Our kids are abused by family, then silenced, says Kailash Satyarthi

Nobel laureate Kailash Satyarthi highlighted the need to talk openly about child sexual abuse and proved his point by speaking in front of an audience of children here on Saturday.

Published: 17th September 2017 03:11 AM  |   Last Updated: 17th September 2017 11:18 AM   |  A+A-

Nobel laureate and child rights activist Kailash Satyarthi interacting with children at Bal Bhavan in Cubbon Park on Saturday | NAGESH POLALI

By Express News Service

BENGALURU: Nobel laureate Kailash Satyarthi highlighted the need to talk openly about child sexual abuse and proved his point by speaking in front of an audience of children here on Saturday. Satyarthi and his large contingent reached the city today, continuing the Bharat Yatra - a journey from Kanyakumari to Kashmir to highlight child abuse and trafficking. The activist visited Bal Bhavan within Cubbon Park, where he inaugurated an initiative to release 52 one-minute films on child sexual abuse. The initiative is a project by NGO Young Indians with support from other agencies working for child rights.

Speaking at Bal Bhavan, Satyarthi brought up the incident of the sexual abuse of a 4-year-old girl at a city school here. He said, “Our children, parents and citizens live in fear because of centuries-old mindset. Children are sexually abused by members of their close family, and then are made to be quiet about it.” He said a registry of sexual offenders should be prepared, and the identities of such offenders should be made well-known in society so that they are boycotted by all sections. He also interacted with children at the venue.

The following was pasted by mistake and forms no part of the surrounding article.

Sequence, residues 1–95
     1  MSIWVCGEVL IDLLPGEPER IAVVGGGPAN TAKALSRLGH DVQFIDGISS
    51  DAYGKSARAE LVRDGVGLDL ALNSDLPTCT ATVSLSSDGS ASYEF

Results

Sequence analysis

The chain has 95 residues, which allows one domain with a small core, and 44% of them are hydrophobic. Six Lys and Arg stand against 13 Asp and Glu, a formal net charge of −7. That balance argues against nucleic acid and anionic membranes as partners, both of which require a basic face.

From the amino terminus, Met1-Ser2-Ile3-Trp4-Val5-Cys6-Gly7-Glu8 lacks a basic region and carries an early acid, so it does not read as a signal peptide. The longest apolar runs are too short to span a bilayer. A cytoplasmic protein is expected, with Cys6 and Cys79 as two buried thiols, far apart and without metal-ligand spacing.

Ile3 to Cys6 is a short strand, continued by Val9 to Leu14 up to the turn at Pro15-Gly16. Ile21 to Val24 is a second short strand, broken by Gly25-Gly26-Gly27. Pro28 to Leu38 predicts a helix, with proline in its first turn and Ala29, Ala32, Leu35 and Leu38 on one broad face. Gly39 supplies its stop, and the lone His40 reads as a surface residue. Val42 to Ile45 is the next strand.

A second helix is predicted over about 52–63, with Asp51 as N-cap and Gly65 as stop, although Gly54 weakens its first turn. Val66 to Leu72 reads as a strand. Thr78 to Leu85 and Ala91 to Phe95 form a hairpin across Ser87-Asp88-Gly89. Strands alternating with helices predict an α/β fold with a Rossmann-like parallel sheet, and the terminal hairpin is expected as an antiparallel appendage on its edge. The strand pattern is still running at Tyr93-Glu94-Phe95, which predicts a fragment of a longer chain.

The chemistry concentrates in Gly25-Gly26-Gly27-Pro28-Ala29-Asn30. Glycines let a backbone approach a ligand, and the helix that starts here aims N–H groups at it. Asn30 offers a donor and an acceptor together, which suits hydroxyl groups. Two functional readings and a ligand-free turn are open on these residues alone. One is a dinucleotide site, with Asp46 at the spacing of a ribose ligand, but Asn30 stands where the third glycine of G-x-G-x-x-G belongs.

Satyarthi also termed the practice of linking the family’s honour with a girl’s sexual abuse as ‘nonsense’. “I’m very angry with this sick mindset of the society,” he said. Satyarthi also spoke later in the evening at a hotel in the presence of members of the state’s Commission for Child Rights, including Chief Secretary Subash Chandra Khuntia. He said that 53 per cent of India’s children were sexually abused before the age of 18, as per a 2001 government survey.

Speaking of the way ahead, he said a culture of child rights needed to be fostered in the country to overcome ‘an age-old mindset of keeping children silent that eclipses judicial and legal benefits.’
“I have looked into the eyes of those children who have been traumatised and could not speak  because their parents taught them not to.” He termed the ‘yatra’ a way to bring about about much-needed changes and said, “I call upon all of you to join this war. We can’t let India’s conscience die in childhood.”

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